Saturday | October 22, 2016
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Best beans battle it out

Manners were left at the door of the Hualalai Room at the Sheraton Kona Resort & Spa at Keauhou Bay, where sniffing, slurping and spitting were requirements during the Kona Coffee Cupping Competition.

The three judges did so with vigor, tenacity and focus for two days. John King of Harold L. King & Co., Phil Maloney of Peet’s Coffee & Tea and Kazuya Ujimori of Ueshima Coffee Co. were searching for Kona coffee perfection among the entries submitted by 69 entries. They wanted something with a fragrant floral aroma, mellow acidity, subtle winy tones, medium body and sweetness.

A signature event of the 43rd annual Kona Coffee Cultural Festival and produced by the Kona Coffee Council, the cupping competition was held Wednesday and Thursday. It has two divisions: classic and crown.

The classic division had 60 single-estate farms, ranging from full-time commercial operations to tiny boutiques. Each farm possesses coffees with subtly different characteristics and a unique personality carefully cultivated by the owner. The farms each submitted 7 pounds of 100 percent Kona green beans for the competition.

The crown division had nine much larger farms and professional processing mills, which submitted 1,000 pounds of 100 percent Kona green beans.

The competition is a blind tasting because “transparency is key,” said Roger Kaiwi, the event’s chairman. Entries are accepted and assigned numbers to protect their anonymity. The numbers are changed between the preliminary and final rounds to keep the judges’ palates alert. Green and roasted coffee samples are also placed on the table for evaluation.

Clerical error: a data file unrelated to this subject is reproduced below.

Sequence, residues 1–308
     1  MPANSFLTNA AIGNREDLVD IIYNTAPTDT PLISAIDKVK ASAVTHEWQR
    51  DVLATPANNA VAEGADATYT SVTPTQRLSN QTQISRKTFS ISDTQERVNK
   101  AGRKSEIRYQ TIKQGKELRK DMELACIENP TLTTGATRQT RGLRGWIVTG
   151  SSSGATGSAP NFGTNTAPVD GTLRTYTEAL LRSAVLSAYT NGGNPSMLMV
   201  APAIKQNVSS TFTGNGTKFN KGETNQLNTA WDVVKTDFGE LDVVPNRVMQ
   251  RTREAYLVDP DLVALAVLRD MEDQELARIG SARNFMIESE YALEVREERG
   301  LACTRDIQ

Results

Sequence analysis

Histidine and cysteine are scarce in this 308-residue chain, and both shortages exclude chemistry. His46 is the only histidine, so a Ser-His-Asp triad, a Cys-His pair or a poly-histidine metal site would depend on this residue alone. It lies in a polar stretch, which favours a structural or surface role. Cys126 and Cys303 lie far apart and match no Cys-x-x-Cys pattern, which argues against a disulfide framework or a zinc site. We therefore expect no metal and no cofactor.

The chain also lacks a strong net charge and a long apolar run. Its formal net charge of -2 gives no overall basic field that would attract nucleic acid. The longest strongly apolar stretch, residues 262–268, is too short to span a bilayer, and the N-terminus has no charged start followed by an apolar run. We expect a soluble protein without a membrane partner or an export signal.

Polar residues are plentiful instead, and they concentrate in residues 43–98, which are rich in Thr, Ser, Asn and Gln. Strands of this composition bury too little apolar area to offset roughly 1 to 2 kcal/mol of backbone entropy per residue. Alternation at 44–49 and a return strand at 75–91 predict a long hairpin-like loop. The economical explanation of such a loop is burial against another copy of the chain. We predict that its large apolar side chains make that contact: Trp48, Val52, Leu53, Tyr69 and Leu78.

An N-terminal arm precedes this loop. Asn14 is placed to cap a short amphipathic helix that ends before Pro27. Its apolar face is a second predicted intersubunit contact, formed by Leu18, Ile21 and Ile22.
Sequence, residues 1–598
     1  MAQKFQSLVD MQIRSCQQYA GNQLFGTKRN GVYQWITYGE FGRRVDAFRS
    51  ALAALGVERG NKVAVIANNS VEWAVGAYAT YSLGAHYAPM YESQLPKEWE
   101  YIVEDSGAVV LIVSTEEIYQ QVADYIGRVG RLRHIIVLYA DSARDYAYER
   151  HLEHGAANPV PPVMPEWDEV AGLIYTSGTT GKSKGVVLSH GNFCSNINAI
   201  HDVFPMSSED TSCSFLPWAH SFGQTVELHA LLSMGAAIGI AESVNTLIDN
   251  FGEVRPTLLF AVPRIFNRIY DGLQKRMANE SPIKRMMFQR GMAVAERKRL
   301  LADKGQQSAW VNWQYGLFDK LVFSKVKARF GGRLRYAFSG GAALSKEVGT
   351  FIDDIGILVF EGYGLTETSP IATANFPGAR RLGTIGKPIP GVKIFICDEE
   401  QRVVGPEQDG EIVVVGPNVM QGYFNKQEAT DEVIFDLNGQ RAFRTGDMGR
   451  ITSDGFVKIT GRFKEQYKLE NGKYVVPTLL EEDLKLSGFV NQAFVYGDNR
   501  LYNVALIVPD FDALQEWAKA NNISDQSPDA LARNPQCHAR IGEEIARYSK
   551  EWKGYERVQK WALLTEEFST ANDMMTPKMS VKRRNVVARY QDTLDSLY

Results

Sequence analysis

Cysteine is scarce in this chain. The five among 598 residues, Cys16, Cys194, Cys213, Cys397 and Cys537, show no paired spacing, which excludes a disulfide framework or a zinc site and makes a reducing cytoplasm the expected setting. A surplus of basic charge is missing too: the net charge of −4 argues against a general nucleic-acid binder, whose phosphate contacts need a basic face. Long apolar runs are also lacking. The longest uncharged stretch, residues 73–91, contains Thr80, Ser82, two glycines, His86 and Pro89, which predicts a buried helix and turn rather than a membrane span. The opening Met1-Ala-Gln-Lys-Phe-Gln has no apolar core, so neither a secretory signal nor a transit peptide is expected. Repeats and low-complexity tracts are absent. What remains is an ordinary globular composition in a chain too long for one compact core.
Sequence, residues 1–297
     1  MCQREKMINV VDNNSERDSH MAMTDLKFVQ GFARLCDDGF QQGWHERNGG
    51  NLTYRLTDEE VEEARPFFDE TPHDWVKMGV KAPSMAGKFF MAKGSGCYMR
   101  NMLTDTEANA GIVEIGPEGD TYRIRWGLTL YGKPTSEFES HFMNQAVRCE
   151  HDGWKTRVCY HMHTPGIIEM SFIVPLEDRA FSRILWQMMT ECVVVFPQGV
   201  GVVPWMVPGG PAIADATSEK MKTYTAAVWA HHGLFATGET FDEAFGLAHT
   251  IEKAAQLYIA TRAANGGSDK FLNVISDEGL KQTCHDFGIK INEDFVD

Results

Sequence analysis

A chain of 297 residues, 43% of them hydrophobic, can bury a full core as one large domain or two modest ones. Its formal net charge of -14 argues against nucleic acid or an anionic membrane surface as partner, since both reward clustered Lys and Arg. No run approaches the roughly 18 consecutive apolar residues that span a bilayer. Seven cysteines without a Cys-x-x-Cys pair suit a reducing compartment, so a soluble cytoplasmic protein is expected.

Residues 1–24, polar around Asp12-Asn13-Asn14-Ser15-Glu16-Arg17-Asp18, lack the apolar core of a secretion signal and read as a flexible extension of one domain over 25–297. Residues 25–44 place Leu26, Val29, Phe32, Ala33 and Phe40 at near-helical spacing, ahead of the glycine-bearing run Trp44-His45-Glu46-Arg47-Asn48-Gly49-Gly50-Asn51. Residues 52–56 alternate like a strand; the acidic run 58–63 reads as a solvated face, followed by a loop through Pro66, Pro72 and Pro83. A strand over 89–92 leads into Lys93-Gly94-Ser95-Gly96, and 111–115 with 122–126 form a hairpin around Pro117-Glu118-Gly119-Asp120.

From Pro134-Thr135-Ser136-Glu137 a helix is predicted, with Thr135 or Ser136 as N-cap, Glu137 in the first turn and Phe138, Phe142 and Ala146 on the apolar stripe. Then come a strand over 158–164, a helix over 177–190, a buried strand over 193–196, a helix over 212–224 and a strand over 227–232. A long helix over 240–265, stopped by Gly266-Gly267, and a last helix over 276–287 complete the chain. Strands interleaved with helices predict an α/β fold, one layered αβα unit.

By the end of the preliminary tasting round, 13 finalists were named in the classic division. They were Bill Dwyer, Brocksengate Estate, Greenwell Farms Inc., Huahua Farm, Kainaliu-Kona Coffee Co., Kuaiwi Farm/Kona Old Style, Kona King Coffee, Kona Mountain Coffee, Kona Rainforest Coffee, Kona View Coffee, Mauka Fire, Mauka Meadows and Mountain Thunder.

What distinguished the finalists and winners from the other entries were their pleasant acidity, heady floral aroma with herbal notes, and nice medium body, said Phil Maloney of Peet’s Coffee & Tea.

Maloney said he enjoyed his second time judging the competition. With its open atmosphere, he said it allows the public to understand the process that goes into cupping, which requires more focus and sensory engagement. Typically when he does a cupping, it’s in a quiet, very controlled environment.

Nevertheless, Maloney said the venue and people continue to make the event “a pleasure.”

First-time judge Ujimori was impressed by the quality of the entries. During the finals, Ujimori said he was focused on finding the coffees with the best acidity — one with a bright, wine- or raisin-like flavor sensation. For him, this is one of the main characteristics that sets Kona coffee apart from others. To keep his palate fresh, his secret was eating crackers occasionally between rounds.

Ujimori said the competition helps increase the quality of coffee and sustainability of those in the industry. For those who didn’t earn recognition, the contest provides valuable feedback on how to improve. For the winners, they’ll likely sell more coffee and be able to command a justified premium, he added.

Kaiwi described the competition as “a prestigious event, one that gives winners bragging rights that last an entire year and sometimes a lifetime.” Kaiwi said the annual contest showcases the hard work, effort and aloha of folks who produce Kona coffee.

“Being a Kona coffee farmer is not just a job or living; it’s a passion and that passion comes out in the cup,” he said.

At the end of the finals, the top three coffees in each division were selected. However, the winners were not announced until the Kona Coffee Council dinner and benefit auction. Final results were not available as of press time and will appear in West Hawaii Today when received.

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